Through the first-person narrator's eyes, du Maurier shows the characters Rebecca, Mrs. Danvers, and Jack Favell to be evil. Mrs. Danvers is described as having the face of a skull and as "an exulting devil," Maxim explicitly compares Rebecca to the devil, and Ben compares her to a snake, a symbol of evil. Jack Favell is aligned with Rebecca and Mrs. Danvers, and he threatens to blackmail Maxim and the narrator at the end and to get revenge. He—or Mrs. Danvers—is possibly the source of the fire that destroys Manderley.

However, Rebecca acknowledges that evil is not black and white. Moral ambiguity gives the novel complexity. For instance, Maxim's character is deeply compromised by the fact the he murdered his first wife in a fit of rage. Readers wonder if the narrator must be ever alert for another murderous rage. Mrs. Danvers and Favell have genuinely loved Rebecca and are grief-stricken by her death; the revelation that Rebecca has been murdered casts them in a more sympathetic light. Nor is the narrator wholly good. She is drawn into covering up her husband's past murder as she claims her identity as the second Mrs. de Winter.

Identity

One of the major themes of the novel is the narrator's quest for her own identity. Du Maurier establishes this theme immediately by withholding the narrator's name. When she marries, the narrator assumes the name Mrs. de Winter, yet she is initially unable to recognize the name as hers and longs for a simpler life. At times, she becomes ghostlike, fading into the background of the story.

The narrator's quest for identity speaks to class stratification and the position of women at the time the novel was written. From the time of feudalism, British society followed rigid class structures. As an orphan and a paid companion who is one step above being a servant, the narrator must adopt and adapt to her new husband's higher class in order to improve her status. Rebecca, on the other hand, was born to the upper class; she is able to boldly flaunt her beauty and sexuality during her marriage to Max de Winter.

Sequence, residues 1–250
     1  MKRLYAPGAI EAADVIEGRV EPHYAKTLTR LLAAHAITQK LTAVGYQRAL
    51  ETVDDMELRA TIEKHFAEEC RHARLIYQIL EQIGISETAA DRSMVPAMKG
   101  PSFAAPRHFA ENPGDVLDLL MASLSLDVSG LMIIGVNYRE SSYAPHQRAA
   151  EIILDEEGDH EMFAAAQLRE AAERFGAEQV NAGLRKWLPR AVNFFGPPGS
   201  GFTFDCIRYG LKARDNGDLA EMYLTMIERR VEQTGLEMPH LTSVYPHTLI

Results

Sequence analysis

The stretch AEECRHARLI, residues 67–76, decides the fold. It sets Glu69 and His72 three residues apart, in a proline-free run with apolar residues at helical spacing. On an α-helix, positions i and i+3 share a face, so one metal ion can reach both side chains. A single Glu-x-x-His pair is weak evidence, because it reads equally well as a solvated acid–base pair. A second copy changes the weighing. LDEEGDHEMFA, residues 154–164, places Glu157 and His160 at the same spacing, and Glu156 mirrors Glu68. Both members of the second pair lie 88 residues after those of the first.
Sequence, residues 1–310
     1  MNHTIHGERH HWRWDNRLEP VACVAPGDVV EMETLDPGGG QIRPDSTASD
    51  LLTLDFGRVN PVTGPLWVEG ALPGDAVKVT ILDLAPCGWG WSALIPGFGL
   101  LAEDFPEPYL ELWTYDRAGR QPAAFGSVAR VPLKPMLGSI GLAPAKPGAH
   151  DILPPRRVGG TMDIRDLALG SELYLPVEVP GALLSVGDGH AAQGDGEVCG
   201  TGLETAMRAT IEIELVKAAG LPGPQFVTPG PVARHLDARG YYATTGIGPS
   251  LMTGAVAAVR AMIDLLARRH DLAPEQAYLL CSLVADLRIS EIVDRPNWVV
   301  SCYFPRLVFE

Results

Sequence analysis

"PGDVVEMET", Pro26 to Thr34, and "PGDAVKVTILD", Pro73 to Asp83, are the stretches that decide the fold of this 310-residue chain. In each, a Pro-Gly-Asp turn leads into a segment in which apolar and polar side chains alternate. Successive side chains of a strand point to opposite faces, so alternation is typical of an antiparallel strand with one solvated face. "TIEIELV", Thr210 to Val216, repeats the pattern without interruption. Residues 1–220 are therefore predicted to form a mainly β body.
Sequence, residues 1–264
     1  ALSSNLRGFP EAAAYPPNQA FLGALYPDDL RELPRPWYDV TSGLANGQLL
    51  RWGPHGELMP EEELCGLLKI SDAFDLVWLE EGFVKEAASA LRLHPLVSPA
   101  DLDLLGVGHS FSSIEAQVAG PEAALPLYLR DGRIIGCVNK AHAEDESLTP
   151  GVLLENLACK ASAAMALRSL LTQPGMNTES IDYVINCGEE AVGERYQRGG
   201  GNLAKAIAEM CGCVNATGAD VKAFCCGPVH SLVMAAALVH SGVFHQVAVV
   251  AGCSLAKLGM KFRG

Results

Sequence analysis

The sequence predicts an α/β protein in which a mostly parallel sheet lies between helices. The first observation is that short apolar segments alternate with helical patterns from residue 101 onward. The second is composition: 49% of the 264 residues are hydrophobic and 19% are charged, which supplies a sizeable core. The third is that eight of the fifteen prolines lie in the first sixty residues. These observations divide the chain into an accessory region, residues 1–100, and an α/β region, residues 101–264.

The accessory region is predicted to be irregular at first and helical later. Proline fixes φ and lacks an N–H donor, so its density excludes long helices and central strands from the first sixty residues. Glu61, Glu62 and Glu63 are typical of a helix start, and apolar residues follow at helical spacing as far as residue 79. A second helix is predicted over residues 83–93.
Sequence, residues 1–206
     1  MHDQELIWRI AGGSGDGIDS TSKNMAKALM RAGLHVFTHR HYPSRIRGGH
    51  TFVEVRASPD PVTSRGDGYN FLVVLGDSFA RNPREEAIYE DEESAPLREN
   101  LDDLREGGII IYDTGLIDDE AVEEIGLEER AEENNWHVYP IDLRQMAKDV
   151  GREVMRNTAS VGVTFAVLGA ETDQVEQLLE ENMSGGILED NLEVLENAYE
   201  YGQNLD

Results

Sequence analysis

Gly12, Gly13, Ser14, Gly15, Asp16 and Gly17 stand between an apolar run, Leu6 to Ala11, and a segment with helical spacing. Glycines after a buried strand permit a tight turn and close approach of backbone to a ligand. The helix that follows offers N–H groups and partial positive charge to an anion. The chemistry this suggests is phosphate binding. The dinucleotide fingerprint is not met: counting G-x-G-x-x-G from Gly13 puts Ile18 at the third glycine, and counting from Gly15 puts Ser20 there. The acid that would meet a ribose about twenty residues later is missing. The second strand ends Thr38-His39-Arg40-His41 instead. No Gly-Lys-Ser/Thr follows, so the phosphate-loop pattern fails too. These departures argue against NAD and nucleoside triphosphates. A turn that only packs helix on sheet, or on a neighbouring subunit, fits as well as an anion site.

Only after she learns that her husband murdered Rebecca can the narrator start to confidently speak and act as Mrs. de Winter. But she stagnates and becomes a married woman without a home of her own. In the end, she is still in effect a paid companion, albeit one with a wedding ring. Readers are not even certain of the bonds of love and trust between Maxim and the second Mrs. de Winter.

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Term:

John Newbery

Definition:

A little, pretty pocket book -London: Newbery, 1744 Mother Goose's Melody or Sonnets for the Cradle -London: Newbery, 1760 farmer's son who apprenticed to a printer, married employer's widow and made london book (and medicine) store and publishing company

Term:

commercial invention of children's lit

Definition:

credit to Newbery -before him, childrens books were ugly and forbidding-Youthful piety, brown/black -modeled after Foxe's, deaths of children, warnings, rarely had illustrations -Comenius's orbis pictus marked one break from this

Term:

who broke this ugly past

Definition:

-Comenius -Boreman: 2 Giants in Guildhall 1740 -Gigantick Histories-amuse mind -Mary Cooper's The Child's New Play-Thing 1743 -recommend for cheating children into learning without any beating -alphabet squares

Term:

Instruction with delight

Definition:

said by Newbery about nursery rhymes